Kameleon007/E+/Getty Images

The Marathon Continues

Share This

QID believes that we are still in the middle of a long-term Secular Bull Market

Expect U.S. and China to resolve trade issues by mid-year

Fed stops raising rates as dual mandate is met at sub 4% unemployment and 2% inflation

Earnings and Market Regain Strength, S&P 500 +19% for year

The stock market stumbled to close-out 2018. However, we still believe we are in the middle stage of a secular bull market that will last another ten years. In August 2018, we published an article “Market May Rest Before Continuing Marathon Move”. We felt that with the market up almost 7%, upper-end of our expected range for 2018 of +7.45 and -7.89%, that we were fairly-valued near-term. Trade tariffs, rising interest rates, mid-term election concerns derailed the market and we ended the year down 6.24%, bottom of our expected range.

Our expectation is that the U.S. and China will resolve trade issues by mid-year 2019. U.S. and China realize that being the dual global engines of growth that it is in both our interests to solve our differences, a world recession would hurt everyone. Intellectual Property (IP) issues are a big U.S. concern. It is the crux of a technological edge that America cannot afford to lose. China has made tremendous strides in numerous areas of technology that many argue is due to IP theft that has eroded our lead and could cause our companies to lose their industry leading edge. To me, that is the biggest threat to long-term U.S. company’s earnings growth. Many question China’s slowdown because a 6% GDP growth is still one of the leading growth rates in the world. However, many have noted in the past that for China to maintain a full employment level that a 6% plus GDP is needed. I was not surprised to see China announce decreased Imports and Exports for December. Their seemed to be dramatic increase in activity with China the last six months to beat the tariffs. Customers need to digest the inventory. In addition, the new tariffs were delayed in November. The sales cycle will cautiously ramp back up uncertain as to when the tariffs may be reimplemented, if at all. Therefore, there is pressure on China to negotiate a reasonable trade deal as the current fall off in activity is just a taste of the impact of all tariffs being put in place.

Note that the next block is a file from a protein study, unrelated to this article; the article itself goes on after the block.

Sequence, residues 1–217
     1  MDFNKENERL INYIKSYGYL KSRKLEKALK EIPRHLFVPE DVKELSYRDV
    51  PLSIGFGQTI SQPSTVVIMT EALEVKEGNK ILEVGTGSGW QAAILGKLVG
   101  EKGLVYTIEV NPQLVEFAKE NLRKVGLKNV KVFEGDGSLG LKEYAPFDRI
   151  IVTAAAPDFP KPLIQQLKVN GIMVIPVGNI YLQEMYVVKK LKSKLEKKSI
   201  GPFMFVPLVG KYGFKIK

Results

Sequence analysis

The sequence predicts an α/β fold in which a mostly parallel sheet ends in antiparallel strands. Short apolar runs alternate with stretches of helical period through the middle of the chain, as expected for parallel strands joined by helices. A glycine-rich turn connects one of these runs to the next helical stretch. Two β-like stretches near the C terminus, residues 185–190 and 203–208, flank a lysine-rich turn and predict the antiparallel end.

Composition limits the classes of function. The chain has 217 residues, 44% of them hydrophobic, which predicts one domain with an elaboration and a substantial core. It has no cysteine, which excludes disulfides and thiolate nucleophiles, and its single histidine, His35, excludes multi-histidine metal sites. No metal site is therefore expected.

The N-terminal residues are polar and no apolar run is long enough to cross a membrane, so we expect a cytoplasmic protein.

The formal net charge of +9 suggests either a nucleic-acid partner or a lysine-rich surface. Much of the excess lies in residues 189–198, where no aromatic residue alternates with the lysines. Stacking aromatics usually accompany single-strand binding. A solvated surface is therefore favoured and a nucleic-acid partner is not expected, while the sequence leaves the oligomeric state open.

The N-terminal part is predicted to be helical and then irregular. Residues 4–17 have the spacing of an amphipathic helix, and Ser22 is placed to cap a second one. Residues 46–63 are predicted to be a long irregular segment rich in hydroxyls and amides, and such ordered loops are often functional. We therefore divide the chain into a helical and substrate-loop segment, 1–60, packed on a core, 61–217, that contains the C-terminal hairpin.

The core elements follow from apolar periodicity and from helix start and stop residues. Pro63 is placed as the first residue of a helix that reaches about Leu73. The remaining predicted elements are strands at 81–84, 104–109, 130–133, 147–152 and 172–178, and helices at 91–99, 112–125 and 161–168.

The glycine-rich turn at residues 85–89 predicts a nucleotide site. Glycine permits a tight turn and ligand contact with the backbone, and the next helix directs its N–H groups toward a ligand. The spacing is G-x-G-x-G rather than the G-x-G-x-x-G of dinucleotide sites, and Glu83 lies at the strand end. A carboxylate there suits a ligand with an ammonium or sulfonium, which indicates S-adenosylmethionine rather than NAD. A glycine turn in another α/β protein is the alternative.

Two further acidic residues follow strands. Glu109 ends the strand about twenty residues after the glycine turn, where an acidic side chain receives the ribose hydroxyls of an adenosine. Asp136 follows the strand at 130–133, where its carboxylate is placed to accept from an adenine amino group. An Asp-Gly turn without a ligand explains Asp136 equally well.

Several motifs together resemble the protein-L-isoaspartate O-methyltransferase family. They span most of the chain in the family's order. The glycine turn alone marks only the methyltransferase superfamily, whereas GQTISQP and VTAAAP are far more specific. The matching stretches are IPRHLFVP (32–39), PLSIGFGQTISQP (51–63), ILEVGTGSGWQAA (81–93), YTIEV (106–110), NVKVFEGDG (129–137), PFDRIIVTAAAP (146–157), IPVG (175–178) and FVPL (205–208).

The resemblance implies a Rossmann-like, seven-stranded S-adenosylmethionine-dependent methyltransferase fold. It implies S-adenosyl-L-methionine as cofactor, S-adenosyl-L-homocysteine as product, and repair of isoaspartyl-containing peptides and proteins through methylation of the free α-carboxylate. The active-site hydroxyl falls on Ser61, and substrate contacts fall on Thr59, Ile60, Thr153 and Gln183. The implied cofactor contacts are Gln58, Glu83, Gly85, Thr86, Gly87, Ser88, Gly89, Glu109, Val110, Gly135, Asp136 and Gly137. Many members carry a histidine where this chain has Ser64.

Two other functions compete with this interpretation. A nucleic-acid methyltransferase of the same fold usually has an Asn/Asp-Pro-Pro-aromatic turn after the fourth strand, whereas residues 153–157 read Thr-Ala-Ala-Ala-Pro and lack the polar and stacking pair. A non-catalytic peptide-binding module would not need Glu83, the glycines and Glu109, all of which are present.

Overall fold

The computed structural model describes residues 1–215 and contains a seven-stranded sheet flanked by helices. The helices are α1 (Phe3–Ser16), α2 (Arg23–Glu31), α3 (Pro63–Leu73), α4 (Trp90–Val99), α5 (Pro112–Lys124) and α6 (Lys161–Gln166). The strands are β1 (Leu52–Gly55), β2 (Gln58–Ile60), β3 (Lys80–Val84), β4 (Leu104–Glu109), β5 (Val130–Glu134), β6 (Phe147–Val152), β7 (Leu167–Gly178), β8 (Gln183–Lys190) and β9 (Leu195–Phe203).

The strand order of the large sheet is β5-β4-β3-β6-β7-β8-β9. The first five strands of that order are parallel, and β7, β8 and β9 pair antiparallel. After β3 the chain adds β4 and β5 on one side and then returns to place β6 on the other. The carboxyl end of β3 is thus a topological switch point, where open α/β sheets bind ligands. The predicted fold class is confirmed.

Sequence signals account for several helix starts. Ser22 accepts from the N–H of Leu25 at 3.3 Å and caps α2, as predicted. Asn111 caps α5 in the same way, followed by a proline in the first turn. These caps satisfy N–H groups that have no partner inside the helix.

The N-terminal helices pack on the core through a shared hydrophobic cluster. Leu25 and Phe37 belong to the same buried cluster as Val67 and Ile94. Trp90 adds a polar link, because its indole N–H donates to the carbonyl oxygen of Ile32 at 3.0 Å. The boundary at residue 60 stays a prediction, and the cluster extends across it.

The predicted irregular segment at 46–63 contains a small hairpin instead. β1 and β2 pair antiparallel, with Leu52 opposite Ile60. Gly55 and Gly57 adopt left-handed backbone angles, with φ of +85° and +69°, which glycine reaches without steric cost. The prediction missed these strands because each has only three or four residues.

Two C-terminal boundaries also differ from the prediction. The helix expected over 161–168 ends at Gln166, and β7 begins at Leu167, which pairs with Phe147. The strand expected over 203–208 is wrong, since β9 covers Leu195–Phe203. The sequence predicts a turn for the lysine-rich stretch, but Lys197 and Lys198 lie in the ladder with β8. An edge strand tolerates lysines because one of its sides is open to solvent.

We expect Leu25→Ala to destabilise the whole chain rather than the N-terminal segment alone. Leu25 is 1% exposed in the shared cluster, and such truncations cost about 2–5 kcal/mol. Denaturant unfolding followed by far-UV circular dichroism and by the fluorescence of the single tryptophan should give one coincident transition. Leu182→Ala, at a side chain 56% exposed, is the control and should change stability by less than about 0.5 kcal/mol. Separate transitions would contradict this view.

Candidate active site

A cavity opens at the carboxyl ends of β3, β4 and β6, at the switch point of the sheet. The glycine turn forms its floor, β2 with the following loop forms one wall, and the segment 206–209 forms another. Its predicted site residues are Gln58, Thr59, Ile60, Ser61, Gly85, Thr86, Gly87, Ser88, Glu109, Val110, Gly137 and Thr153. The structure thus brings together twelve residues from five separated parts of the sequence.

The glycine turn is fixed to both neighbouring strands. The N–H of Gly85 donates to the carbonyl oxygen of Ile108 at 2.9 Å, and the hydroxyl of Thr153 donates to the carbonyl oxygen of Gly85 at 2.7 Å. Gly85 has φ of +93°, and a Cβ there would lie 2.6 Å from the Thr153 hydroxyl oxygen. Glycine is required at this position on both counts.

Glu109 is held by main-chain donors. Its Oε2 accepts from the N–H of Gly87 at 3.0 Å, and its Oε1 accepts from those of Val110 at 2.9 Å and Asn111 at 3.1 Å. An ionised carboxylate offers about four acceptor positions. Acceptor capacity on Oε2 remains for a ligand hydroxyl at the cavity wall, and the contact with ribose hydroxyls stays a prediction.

Fed stops raising rates as dual mandate is met at sub 4% unemployment and 2% inflation. We believe that the Fed stops raising rates in early 2019. The Feds dual mandate from Congress is to “promote effectively the goals of maximum employment, stable prices, and moderate long-term interest rates”. Unemployment is currently below 4% that is considered a full employment level. Inflation ended 2018 at an annual rate of 1.91%. According to the Federal Reserve website “The Federal Open Market Committee (FOMC) judges that inflation at the rate of 2 percent (as measured by the annual change in the price index for personal consumption expenditures, or PCE) is most consistent over the longer run with the Federal Reserve’s mandate for price stability and maximum employment.” So why is the Fed considering any future rate hikes? It appears that the Fed is in-line with their “Dual Mandate”. We believe that the Fed’s current wavering of whether to raise rates further is that they have come to the same conclusion. This should be positive for rates in the foreseeable future and reduce the pressure on P/Es.

(continued)

DOWNLOAD MARATHON CONTINUES

2019 Year-ahead BPO
Share This
No Comments

Leave a Reply